December 25, 2009

It's Elementary, My Dear Whats-his-face

**Wikipedia Warning: This article is about the detective, Sherlock Holmes. For other uses of "brilliant cokehead" see Robert Downey Jr.**

What comes to mind when I bring up the name of the world famous detective, Sherlock Holmes? Are you the type of person who immediately thinks of the dashing ratiocinator with his pipe and hat, sitting in the back of his room at 221b Baker Street, snorting a line of Colombia Gold like he's Little Wayne on a drug bust and then thoroughly explaining why it's all the butler's fault, or, perhaps, are you the kind of person whose mind immediately flashes to a white Dalmatian wearing a plaid hat and a cape?

If you fall in the latter category, you might be the target audience for Guy Richie's surprising new film revolving around that same titular character. By this, of course, I mean that ever lovable dog, Sherlock Holmes. The only difference between the Wishbone version and this $200 million dollar version is that that except for the dog we get Robert Downey Jr, and except for made-for-PBS kid-friendliness we get Guy Richie's fast-talking, guns-blaring speed material so heavily steeped in contagious style that one might serve it with crumpets and Tarantino.

And a side of raw cocaine, but that's another story.

Don't get me wrong, Sherlock Holmes (2009) isn't bad by any stretch. It promises modern action and delivers. Holmes blares across the screen, karate-chopping and judo-punching his way through hordes of mustashio'd henchmen like some sort of Bruce Willis character who rounds out his beatings with a "Jolly ho, good chap!" and a dramatic correction of his hat. Yes, there are some things to gripe about, like the the villain who is so sinister he looks like a British version of Andy Garcia and acts like Xanatos from the Gargoyles animated television show, but he's scary enough and smart enough to give Holmes a good run for his money, and the dialogue, if you're quick enough to follow it all, makes the whole film worth watching.



But there's something just a little too predictable here. The film forsakes the narrative structure of the source material, and instead picks up the structure of Indiana Jones and the Temple of Doom. Just like Indy, Holmes is a period adventurer whose intellect is only matched by his physical prowess. Just like Indy, Holmes matches each impossible intuitive leap with similar physical leaps across London. Finally, Just like Indy, director Guy Richie shows off his prowess just a little too much: he shows us each scene with the wool over our eyes and then relishes jumping back in time to show us exactly how it all really went down through the eyes of Sherlock Holmes, just like Troy Duffy would do if he were, you know, talented.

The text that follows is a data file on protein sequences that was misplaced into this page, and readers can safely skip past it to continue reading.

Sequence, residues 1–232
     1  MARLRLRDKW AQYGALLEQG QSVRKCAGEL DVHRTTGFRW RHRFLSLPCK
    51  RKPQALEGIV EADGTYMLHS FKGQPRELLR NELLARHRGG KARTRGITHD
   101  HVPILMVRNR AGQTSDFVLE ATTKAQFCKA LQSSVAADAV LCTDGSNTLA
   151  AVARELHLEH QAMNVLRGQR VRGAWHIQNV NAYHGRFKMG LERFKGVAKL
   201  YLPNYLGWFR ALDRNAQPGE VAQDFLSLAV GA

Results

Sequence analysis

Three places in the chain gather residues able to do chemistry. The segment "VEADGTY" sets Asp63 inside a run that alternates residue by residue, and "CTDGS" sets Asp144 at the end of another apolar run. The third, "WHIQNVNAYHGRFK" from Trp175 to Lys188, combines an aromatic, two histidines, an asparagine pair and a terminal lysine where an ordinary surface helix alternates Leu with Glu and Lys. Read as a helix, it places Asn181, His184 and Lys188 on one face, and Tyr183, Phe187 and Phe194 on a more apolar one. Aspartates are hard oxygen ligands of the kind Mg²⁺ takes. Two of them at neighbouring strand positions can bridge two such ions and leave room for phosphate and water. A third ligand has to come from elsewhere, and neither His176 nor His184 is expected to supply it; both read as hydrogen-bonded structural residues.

And that brings me to London. The film does a great job using CGI to recreate the look of 19th century London, but one gets a sense of anacronism in the task. Did you know, for example, that 19th century London was actually designed to look like the rooftop scene in Mary Poppins? The whole city looks like it fell out of an old lady's handbag and then got ran over by a car filled with coke, and I mean the kind made of charcoal, not the kind made out of Robert Downey Jr.

There are hints at the sinister Professor Moriarty, but these hints are actually more distracting than anything else. Is there anything worse than a movie that knows it's going to get a sequel or two? Yes. It's a movie that relies on it's sequel, like this one. If Sherlock Holmes made any more room for it's own follow-ups, it would be just a gaping, two-hour trailer for Sherlock Holmes 2: The Hound of the Baskervilles. Am I looking forward to the sequel? Yes. Does this movie merit one? No.

And with that, I'll leave you with the best Sherlock Holmes movie I've ever seen:

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